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Rev. Bras. Cardiol. Invasiva vol.20 número3


Academic year: 2018

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Percutaneous Mitral Balloon Valvuloplasty:

Surviving the Test of Time

Igor F. Palacios


, Guilherme V. Silva



Rev Bras Cardiol Invasiva. 2012;20(3):237-8


ardiovascular disease remains the most important disease of the Western world. As such, many strides against cardiovascular disease have been made in recent decades, particularly when considering coronary artery disease. Cardiologists have gone from an era of “watchful waiting” of patients with acute myocardial infarction and severe coronary disease to aperiod of surgical revascularisation, which finally evolved to the new percutaneous interventional era, culminating with drug-eluting stents. Thus, the new subspecialty of interventional cardiology was born.

See page 253

Conquering structural heart disease has long been an interventional cardiologist’s dream. The treatment for valvular heart disease perfectly fits the intervention-ist’s drive. It has progressed from “watchful waiting” to surgical correction, and finally to innovative, and revolutionary, and minimally invasive percutaneous pro-cedures. Percutaneous pulmonary balloon valvuloplasty was the first percutaneous treatment for valvular heart disease.1 A close second, percutaneous mitral balloon

valvuloplasty can certainly be considered one of the most innovative percutaneous procedures, and it has led the way to a new subspecialty: structural heart disease percutaneous intervention.

As with any new technological innovation, in the beginning, there was close scrutiny and opposition to change the status quo: surgical mitral commissurotomy. Several studies have compared the immediate and early follow-up results of percutaneous mitral balloon valvu-loplasty versus closed surgical commissurotomy and demonstrated that there was either superior outcome from percutaneous mitral balloon valvuloplasty2,3 or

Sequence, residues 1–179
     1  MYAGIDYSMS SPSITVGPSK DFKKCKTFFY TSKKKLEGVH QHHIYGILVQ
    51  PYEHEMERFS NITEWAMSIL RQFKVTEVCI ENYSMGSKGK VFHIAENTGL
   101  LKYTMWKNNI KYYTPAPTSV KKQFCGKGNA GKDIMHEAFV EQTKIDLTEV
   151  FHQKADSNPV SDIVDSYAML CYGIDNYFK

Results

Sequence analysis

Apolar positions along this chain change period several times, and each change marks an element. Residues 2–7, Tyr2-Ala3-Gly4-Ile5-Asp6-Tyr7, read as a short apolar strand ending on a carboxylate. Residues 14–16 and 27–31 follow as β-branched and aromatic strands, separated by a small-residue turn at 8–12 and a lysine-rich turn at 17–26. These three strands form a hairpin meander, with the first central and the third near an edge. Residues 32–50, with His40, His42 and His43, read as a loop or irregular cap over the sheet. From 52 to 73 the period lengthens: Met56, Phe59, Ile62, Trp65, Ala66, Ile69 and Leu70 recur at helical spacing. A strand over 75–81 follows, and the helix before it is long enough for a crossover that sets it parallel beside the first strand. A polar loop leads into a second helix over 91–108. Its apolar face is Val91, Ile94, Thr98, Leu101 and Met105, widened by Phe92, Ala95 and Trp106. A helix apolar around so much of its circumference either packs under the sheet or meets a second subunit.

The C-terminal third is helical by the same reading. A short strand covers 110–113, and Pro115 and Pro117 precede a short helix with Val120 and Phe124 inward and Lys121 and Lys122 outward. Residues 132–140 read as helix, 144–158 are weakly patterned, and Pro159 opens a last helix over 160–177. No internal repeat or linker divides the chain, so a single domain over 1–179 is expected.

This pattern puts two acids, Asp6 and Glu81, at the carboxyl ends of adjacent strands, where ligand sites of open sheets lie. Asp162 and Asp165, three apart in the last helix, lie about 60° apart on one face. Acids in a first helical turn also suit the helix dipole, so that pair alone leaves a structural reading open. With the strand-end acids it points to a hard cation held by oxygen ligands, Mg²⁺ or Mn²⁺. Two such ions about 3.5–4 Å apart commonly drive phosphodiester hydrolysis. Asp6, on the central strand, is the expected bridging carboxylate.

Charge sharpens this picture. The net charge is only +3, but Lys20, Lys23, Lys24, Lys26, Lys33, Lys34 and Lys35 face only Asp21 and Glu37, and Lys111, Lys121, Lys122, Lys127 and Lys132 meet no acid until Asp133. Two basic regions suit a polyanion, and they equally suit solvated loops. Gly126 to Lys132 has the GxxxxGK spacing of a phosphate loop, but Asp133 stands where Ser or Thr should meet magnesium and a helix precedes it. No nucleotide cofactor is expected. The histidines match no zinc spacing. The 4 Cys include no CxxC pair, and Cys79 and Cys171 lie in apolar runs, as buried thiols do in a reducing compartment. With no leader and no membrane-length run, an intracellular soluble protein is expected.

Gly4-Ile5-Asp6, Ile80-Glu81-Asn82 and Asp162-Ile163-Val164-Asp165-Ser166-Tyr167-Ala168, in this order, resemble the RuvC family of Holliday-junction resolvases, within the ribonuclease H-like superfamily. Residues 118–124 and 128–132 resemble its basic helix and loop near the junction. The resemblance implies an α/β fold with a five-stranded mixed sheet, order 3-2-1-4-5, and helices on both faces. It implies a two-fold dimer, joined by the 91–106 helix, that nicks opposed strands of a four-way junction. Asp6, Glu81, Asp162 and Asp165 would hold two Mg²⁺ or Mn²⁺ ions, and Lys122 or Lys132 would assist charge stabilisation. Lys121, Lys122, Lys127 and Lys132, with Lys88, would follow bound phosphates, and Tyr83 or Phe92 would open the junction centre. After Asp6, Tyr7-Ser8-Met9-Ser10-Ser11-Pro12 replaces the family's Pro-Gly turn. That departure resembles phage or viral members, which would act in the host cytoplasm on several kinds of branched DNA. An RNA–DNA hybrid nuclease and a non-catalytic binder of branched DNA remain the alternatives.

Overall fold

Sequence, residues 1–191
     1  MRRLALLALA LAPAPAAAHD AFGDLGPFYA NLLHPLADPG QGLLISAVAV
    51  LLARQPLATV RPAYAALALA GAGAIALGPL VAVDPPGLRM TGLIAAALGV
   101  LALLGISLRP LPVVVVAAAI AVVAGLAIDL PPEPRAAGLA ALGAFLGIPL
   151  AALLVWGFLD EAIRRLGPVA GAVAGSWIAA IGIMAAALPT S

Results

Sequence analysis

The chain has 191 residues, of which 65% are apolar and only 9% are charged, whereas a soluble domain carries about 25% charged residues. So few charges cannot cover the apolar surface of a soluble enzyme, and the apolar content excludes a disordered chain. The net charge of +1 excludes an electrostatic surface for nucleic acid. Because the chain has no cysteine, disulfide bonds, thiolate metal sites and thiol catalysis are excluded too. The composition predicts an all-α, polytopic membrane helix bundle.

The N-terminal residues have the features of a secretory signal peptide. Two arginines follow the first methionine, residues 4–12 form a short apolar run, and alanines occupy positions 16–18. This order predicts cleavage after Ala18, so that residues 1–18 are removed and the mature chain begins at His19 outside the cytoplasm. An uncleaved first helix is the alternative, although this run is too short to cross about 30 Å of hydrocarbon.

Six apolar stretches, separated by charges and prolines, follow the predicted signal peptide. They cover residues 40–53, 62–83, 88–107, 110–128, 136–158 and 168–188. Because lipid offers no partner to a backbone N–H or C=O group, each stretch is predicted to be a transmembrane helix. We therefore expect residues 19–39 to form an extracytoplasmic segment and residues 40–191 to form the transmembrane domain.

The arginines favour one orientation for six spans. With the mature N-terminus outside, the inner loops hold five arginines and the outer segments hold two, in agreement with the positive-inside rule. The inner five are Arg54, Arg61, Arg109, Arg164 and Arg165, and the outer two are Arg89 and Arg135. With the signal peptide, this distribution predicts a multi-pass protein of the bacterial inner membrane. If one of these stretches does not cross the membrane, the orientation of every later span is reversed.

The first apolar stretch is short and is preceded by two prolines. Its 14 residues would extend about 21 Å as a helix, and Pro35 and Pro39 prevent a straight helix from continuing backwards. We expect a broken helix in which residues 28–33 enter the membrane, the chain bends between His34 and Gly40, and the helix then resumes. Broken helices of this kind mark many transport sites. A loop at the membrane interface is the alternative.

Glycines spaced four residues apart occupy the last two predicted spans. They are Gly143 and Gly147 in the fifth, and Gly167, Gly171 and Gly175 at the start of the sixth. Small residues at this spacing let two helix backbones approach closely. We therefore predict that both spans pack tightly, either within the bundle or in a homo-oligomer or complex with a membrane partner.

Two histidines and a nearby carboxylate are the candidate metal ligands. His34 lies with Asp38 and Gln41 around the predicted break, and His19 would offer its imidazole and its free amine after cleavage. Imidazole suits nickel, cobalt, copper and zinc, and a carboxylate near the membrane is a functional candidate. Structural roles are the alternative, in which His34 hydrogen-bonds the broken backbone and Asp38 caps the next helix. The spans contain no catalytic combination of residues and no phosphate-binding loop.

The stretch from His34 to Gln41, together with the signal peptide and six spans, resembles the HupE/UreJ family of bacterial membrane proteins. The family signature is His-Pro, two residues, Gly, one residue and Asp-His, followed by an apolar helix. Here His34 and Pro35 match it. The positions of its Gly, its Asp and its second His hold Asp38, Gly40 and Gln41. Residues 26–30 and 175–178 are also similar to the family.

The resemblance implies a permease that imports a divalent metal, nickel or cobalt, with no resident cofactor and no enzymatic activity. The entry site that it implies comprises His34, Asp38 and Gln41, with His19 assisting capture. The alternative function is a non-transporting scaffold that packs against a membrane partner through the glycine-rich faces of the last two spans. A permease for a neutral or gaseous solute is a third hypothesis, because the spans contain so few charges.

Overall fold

no significant differences between both techniques in ideal patients for these procedures.4-6 The evaluation of

candidates for percutaneous mitral balloon valvuloplasty requires a precise assessment of both valve morphology

© 2012 Elsevier Editora Ltda. and Sociedade Brasileira de Hemodinâmica e Cardiologia Intervencionista. All rights reserved.

1 Director of Interventional Cardiology at Massachusetts General

Hospital. Associate Professor of Medicine at Harvard Medical School. Boston, MA, USA.

2 Structural Heart Disease Fellow at Massachusetts General Hospital.

Boston, MA, USA.

Correspondence to: Igor F. Palacios. Massachusetts General Hospital – 55 Fruit Street – Boston, MA, USA – 02114.

E-mail: ipalacios@partners.org

Received on: 10/9/2012 • Accepted on: 10/10/2012

and function for pre-procedure decision-making, as well as patient follow-up. Patient selection is essential for predicting the immediate outcome and follow-up results of percutaneous mitral balloon valvuloplasty. Aguiar Filho et al.,7 in this edition of the Revista Brasileira

de Cardiologia Invasiva, highlight this fundamental is-sue of patient selection, as the mean Wilkins score of the current population was 7.6 and only 32 patients (16%) had a score > 8. This is no surprise, given the known expertise and experience of this group of clini-cal investigators, with distinct surgeons such as Esteves and Abizaid, who have been involved in developing and perfecting percutaneous valve therapy since the early days.